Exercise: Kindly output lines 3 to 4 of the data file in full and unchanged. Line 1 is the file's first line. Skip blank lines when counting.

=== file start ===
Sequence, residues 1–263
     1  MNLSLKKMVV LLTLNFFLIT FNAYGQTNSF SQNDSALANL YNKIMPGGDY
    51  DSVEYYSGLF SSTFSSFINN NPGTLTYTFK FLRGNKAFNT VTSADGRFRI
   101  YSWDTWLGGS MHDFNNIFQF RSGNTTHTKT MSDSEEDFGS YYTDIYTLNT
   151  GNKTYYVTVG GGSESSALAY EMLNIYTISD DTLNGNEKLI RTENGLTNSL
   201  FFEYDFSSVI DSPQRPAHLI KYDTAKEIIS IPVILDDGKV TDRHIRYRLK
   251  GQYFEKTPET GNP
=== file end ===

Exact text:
    51  DSVEYYSGLF SSTFSSFINN NPGTLTYTFK FLRGNKAFNT VTSADGRFRI
   101  YSWDTWLGGS MHDFNNIFQF RSGNTTHTKT MSDSEEDFGS YYTDIYTLNT